Re: Constitution v2.0

Philip Witham (
Thu, 7 Aug 1997 12:32:50 -0700 (PDT)

Interesting thread, Elieser.

Several points and then I'll spout my thoughts on How It Should Be Done:
(sorry if this is a long post; I need to get across one complete, coherent
concept, a pet of mine :-) )

Do you really believe that positive, radical change in the constitution of
the US could happen? It would be a madhouse in any event. And you'd be
up against hoards of professional thieves (politicians, lobbyists, etc).
I prefer to think about what could be done if starting out fresh in a new
"place", physical or virtual, a blank slate.

Yes! re: a limited number of words in the constitution.
No! re: representitives. With modern communications, we will not need
these laggards.

Re: state government, in the current system, this is one of the reasons
that the US gov. is still somewhat tolerable. It traps people with
political ambitions at the lowest, least effective level, and presents
many layers of trap for them. This is the primary function of
government, IMHO. I asked a friend who had been a local San Diego
politician, and who had almost won a Ca. state office, about this, and he
agreed. He said (paraphrasing) "It takes all of the effort you can muster
and then more, to play the game, at any level of government".

First, I think one would need to establish the basis, the reason for
being, of government. In this group alone there will be much
disagreement on that. I believe that some government is needed, because
in its absence, a fraction of the population will gain control over the
rest, and become the "government", in any event.

That assumes that we can still be killed, or our stuff stolen or
destroyed, or our livlihood seriosly hampered by others. Among
Extropians, of course, that is not assumed! But: otherwise, we have no
basis for talking about constitutions, so I'll assume it will still be so.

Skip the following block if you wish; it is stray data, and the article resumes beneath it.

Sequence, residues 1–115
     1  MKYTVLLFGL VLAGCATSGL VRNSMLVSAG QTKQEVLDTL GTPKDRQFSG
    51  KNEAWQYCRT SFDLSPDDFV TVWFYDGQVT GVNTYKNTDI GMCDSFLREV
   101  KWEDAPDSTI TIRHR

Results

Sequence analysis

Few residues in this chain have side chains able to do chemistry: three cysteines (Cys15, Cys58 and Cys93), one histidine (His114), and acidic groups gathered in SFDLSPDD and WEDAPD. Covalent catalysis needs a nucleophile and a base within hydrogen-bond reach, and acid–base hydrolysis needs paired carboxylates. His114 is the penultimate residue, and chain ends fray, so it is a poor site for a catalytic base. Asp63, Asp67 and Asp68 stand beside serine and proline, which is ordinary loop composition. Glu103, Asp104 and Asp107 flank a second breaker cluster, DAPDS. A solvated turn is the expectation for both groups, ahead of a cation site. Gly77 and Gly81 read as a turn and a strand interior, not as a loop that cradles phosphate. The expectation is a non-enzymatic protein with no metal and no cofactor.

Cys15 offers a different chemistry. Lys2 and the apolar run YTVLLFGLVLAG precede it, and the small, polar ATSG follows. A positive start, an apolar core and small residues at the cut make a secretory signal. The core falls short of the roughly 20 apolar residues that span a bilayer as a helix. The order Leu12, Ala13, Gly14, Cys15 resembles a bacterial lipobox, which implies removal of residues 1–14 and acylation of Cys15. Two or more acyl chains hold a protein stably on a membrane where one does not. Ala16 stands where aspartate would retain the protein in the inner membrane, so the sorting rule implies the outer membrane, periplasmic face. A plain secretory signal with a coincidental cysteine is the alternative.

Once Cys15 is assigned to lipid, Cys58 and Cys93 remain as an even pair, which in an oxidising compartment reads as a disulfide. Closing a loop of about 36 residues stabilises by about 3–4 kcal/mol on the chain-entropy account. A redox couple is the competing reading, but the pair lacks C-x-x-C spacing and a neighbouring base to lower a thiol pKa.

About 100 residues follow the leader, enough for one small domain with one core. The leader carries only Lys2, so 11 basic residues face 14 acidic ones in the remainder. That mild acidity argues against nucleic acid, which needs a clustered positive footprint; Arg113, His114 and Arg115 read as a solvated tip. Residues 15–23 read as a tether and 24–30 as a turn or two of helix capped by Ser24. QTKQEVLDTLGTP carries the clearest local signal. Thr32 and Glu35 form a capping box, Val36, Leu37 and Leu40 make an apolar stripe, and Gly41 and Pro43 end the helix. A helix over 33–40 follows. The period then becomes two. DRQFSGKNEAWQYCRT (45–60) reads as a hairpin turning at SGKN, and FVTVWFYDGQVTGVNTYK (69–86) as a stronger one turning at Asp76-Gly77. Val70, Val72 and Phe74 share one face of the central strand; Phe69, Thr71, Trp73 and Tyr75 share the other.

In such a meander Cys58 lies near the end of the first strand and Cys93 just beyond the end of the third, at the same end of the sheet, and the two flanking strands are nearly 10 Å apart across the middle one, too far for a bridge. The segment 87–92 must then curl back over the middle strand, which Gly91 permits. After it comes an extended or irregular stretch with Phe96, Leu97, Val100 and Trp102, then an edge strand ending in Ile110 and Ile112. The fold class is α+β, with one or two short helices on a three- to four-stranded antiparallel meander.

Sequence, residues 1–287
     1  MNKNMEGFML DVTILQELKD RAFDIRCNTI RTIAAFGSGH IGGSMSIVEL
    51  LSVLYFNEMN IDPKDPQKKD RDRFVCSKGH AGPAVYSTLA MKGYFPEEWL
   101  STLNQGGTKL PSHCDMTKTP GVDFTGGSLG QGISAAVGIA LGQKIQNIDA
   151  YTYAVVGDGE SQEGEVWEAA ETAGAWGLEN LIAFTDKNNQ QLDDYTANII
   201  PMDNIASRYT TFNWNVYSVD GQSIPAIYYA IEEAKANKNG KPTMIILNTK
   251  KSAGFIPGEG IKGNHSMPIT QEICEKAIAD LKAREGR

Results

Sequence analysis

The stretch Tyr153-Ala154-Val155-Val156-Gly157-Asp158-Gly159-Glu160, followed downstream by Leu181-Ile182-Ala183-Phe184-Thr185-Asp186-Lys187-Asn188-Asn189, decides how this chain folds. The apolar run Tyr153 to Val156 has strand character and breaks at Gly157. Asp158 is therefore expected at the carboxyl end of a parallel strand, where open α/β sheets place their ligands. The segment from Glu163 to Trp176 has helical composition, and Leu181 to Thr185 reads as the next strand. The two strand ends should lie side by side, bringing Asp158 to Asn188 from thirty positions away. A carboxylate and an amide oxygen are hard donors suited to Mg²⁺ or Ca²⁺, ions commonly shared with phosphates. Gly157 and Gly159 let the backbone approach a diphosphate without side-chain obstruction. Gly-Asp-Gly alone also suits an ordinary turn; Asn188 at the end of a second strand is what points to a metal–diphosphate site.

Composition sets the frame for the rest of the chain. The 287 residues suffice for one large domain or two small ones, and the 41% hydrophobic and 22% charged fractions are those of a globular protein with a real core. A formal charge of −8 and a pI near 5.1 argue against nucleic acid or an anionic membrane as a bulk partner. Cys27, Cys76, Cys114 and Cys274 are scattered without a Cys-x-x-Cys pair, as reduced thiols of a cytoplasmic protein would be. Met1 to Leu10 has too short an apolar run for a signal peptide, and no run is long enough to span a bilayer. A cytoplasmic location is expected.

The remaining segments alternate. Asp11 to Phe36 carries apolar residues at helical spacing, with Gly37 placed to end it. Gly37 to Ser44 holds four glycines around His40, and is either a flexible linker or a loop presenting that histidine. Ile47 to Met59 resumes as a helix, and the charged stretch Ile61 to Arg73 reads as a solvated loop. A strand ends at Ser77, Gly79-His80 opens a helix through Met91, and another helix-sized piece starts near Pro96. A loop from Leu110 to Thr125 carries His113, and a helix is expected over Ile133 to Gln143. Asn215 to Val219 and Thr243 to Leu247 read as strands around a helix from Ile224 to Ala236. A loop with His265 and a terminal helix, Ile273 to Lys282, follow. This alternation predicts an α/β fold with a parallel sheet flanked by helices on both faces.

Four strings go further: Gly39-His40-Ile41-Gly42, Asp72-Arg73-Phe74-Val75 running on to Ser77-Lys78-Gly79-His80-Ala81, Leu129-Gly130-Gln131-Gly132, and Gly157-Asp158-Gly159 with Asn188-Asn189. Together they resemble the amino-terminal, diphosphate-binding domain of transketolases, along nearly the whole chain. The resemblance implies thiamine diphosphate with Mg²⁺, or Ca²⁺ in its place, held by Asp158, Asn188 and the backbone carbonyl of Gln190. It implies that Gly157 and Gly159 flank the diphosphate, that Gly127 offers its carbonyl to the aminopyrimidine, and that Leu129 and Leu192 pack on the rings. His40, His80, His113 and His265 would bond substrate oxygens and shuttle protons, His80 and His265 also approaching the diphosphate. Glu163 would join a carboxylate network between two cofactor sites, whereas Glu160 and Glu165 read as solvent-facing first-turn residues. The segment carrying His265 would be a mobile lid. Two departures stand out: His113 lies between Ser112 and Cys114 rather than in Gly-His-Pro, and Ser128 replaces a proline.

So we must decide to agree to live by a certain constitution, when in a
particular "country". Everybody lives by the same (limited set of) rules,
in this place, so we can manage not to kill, steal from, or harm each other.

And with a particular government (or lack thereof) in control of those
laws and of enforcing them.

Note that I'm saying that the individual can choose not to comply, but
not here: if you won't live "with" us, you can't come in. That alone
would be impossible to enforce in the US, there is nowhere to deport
those that don't agree, to. Hence the blank slate is needed.

Here is the concept: On arriving at a port of entry, you are presented
with a copy of the constitution. You must read it, and prove you
understand it, and sign your agreement to live by this document while in
the country. Before entering. This agreement is the moral basis for
enforcing all laws. Ultimately, if you are convicted of seriously violating
the law, you are spaced - as it were - back the way you came. Mabye
we'll let you keep your spacesuit. ;-}

So, the constitution, which includes all laws, and other information
needed to define a government, must be short enough for many people to
understand and remember. I think in any event, the real government of a
place is a collective set of beliefs, especially the beliefs of those "in"
government. We need to get in sync, to sing the same peacefull tune.

This implys a lot of liberty, and a miniarchist government, anything
more complicated, and you could not get enough people agreeing on it and
understanding it.

Few or no fixed points to the constitution, all is up for change by
direct voting of citizens: anything else implys that a few "founders"
have the right to more control than everybody else.

If nessasary, temporary government posts could be created, by vote, but
this can be taken away on short notice.

A structure for presenting proposed constitutional changes to the
citizens, and voting on them, would be part of the core.

A limitation on the number of charactors or words is key, and may be
fixed (unchangeable by vote.)

"Taxation" may be voluntary or not, that' a tough question. Presumably
there are some things that pay off better as a joint effort on the part of
the whole country. In any case, I believe the individual must have
control over which government efforts get her "dollars". Who has the
right to force another to spend money on something she thinks is wrong?

Jointly writing such a constitution would be a fun project - off line from
this group (about as much fun as a massive blood clot, if done on this
mailing list).

- Philip Witham